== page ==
Ang3lFir3 – Life as a Code Poet

August 4, 2009

Table Per Class Inheritance Mapping with Fluent nHibernate

Filed under: C#, Fluent NHibernate, NHibernate, ORM, Patterns — Tags: , , , , , — ang3lfir3 @ 10:45 am

This is the first in a short series of posts I am working on. While reading through NHibernate in Action I thought to my self that I should create these same examples of Inheritance mapping using Fluent nHibernate to show how simple these mappings can be.

The three types of Inheritance mappings that are mentioned on page 92 of NHibernate in Action are :

  • Table Per Concrete Class Model
  • Table Per Class Hierarchy
  • Table Per Subclass

I will be using the example from NHibernate in Action to illustrate the mappings. This post covers the most basic and often most common example, Table Per Class. In Table per concrete class inheritance mapping we discard polymorphism and inheritance from the relational schema and create as the name suggests a single table for each concrete class. This means that the DateCreated , Number, and Owner properties of the base class will be reflected in each table. This can be dangerous as these column’s datatypes must now stay in sync across the two tables. If a change needs to be made to the schema you will have to find all the tables that inherit from BillingDetails and edit their schemas independently. This is not necessarily a problem when dealing with a few classes but can be come a problem in a larger and more complex model.

TablePerClassFiles

Here you can see that in this case I have only two mapping files. One for each inheritor.

Below you can see the Fluent nHibernate mapping classes that show how simple this mapping is.

  public class BankAccountMap : ClassMap<BankAccount>
  {
    public BankAccountMap()
    {
      Id(x => x.Id, "BankAccount_Id");
      Map(x => x.Number);
      Map(x => x.Owner);
      Map(x => x.DateCreated);
      Map(x => x.BankName);
      Map(x => x.RoutingNumber);
    }
  }

  public class CreditCardMap : ClassMap<CreditCard>
  {
    public CreditCardMap()
    {
      Id(x => x.Id, "CreditCard_Id");
      Map(x => x.Number);
      Map(x => x.Owner);
      Map(x => x.DateCreated);
      Map(x => x.Type);
      Map(x => x.ExpirationMonth);
      Map(x => x.ExpirationYear);
    }
  }

Which maps to the following nHibernate mapping XML:
<hibernate-mapping xmlns="urn:nhibernate-mapping-2.2" default-access="">
  <class name="TablePerClass.Model.BankAccount, TablePerClass, Version=1.0.0.0, Culture=neutral, PublicKeyToken=null" table="`BankAccount`" xmlns="urn:nhibernate-mapping-2.2">
    <id name="Id" type="Int32" column="BankAccount_Id">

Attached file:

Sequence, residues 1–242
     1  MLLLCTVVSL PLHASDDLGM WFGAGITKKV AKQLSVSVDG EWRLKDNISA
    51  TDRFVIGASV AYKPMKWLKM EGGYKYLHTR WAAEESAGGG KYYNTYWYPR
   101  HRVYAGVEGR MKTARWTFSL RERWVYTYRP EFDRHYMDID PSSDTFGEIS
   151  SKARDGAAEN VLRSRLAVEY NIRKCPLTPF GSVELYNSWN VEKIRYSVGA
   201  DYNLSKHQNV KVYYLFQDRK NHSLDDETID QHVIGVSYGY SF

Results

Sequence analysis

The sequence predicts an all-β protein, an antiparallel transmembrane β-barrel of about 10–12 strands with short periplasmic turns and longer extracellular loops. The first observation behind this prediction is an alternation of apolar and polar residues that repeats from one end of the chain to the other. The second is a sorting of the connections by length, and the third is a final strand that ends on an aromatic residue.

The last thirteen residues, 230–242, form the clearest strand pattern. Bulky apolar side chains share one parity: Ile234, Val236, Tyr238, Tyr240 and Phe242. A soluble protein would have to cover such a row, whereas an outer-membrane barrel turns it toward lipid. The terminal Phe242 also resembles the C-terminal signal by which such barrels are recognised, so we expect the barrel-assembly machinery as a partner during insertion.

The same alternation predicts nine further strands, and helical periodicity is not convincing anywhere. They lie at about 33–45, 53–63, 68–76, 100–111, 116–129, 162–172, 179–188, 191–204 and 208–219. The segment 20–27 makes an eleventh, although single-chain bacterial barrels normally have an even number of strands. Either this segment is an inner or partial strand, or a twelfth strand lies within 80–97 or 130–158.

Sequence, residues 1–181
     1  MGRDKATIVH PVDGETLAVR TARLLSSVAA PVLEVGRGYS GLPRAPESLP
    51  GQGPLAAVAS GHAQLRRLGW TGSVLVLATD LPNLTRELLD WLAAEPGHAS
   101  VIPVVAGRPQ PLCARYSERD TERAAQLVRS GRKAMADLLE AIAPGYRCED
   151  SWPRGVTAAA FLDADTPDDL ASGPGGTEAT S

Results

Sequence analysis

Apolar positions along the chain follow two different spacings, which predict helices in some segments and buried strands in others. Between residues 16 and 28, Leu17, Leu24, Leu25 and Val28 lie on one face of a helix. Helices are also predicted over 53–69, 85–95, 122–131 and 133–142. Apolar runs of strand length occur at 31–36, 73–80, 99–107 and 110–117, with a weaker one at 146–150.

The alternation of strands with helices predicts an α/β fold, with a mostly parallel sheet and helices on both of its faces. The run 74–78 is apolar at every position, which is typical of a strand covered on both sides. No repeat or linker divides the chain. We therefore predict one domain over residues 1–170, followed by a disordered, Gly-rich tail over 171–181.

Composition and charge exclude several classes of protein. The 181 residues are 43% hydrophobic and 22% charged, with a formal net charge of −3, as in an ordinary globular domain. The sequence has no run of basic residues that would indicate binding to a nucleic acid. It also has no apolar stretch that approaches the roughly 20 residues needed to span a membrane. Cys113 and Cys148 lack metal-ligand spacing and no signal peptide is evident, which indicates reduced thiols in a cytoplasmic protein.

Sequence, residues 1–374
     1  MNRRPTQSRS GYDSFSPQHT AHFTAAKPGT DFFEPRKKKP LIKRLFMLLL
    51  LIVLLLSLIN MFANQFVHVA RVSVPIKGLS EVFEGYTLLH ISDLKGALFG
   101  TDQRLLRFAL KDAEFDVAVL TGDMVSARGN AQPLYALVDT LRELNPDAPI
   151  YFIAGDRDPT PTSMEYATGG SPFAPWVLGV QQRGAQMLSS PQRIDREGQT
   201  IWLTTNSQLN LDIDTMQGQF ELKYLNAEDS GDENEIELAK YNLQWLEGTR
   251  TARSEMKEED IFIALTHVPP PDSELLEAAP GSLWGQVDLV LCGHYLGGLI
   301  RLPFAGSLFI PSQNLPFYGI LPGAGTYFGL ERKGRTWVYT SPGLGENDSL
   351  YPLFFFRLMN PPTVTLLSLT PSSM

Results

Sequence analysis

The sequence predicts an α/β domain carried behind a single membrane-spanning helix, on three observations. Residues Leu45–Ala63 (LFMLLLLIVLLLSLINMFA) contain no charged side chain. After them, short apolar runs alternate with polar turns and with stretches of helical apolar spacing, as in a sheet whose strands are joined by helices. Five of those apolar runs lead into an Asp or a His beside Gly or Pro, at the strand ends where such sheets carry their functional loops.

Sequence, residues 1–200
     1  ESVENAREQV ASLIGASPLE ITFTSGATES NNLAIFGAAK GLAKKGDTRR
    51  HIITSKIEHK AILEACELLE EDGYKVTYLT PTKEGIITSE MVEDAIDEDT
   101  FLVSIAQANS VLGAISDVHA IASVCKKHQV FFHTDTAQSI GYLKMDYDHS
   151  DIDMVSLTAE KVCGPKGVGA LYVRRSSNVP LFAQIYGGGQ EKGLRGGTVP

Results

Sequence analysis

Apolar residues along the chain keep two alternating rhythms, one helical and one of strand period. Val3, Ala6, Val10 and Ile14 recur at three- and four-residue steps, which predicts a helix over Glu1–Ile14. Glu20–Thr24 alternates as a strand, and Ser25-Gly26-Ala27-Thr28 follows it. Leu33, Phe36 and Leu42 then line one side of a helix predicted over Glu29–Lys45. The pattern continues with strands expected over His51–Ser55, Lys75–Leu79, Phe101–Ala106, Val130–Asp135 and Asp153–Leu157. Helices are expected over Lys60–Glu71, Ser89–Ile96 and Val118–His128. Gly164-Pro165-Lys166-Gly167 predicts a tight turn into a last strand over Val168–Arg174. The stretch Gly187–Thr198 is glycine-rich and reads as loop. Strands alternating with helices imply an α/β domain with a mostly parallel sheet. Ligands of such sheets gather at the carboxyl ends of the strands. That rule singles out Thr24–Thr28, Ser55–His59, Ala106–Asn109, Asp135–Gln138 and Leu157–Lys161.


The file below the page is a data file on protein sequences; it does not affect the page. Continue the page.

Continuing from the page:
<generator class="identity" />
    </id>
    <property name="Number" type="String">
      <column name="Number" />
    </property>
    <property name="Owner" type="String">
      <column name="Owner" />
    </property>
    <property name="DateCreated" type="DateTime">
      <column name="DateCreated" />
    </property>
    <property name="BankName" type="String">
      <column name="BankName" />
    </property>
    <property name="RoutingNumber" type="String">
      <column name="RoutingNumber" />
    </property>
  </class>
</hibernate-mapping>

<hibernate-mapping xmlns="urn:nhibernate-mapping-2.2" default-access="">
  <class name="TablePerClass.Model.CreditCard, TablePerClass, Version=1.0.0.0, Culture=neutral, PublicKeyToken=null" table="`CreditCard`" xmlns="urn:nhibernate-mapping-2.2">
    <id name="Id" type="Int32" column="CreditCard_Id">
      <generator class="identity" />
    </id>
    <property name="Number" type="String">
      <column name="Number" />
    </property>
    <property name="Owner" type="String">
      <column name="Owner" />
    </property>
    <property name="DateCreated" type="DateTime">
      <column name="DateCreated" />
    </property>
    <property name="Type" type="Int32">
      <column name="Type" />
    </property>
    <property name="ExpirationMonth" type="String">
      <column name="ExpirationMonth" />
    </property>
    <property name="ExpirationYear" type="String">
      <column name="ExpirationYear" />
    </property>
  </class>
</hibernate-mapping>

And finally here you see the relational model that this maps to. The base class properties are stored as columns of each table.
TablePerClassSchema

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5 Comments »

  1. I enjoy this site, it is worth me coming back

    Comment by Kelli Garner — September 25, 2009 @ 9:22 pm

  2. Hi,

    I was wondering if you could tell me, when using this method, say you had a parent entity which had as a collection IList, how could you map that parent entity?

    Many thanks

    Matt

    Comment by Matt Brailsford — January 27, 2010 @ 8:10 am

  3. Ooops, that screwed up my code example, but it was IList<BillingDetails>

    Comment by Matt Brailsford — January 27, 2010 @ 8:11 am

    • In short… Table Per Class does not work well for Polymorphism from the db schema perspective… to allow for mapping IList<BillingDetails> you should probably choose another strategy… most likely Table Per Subclass or if the number of types/differences in types is small then possibly Table Per Class Hierarchy

      Comment by ang3lfir3 — January 27, 2010 @ 12:58 pm

      • Cool. Many thanks for pointing me in the right direction.

        Matt

        Comment by Matt Brailsford — January 27, 2010 @ 1:30 pm


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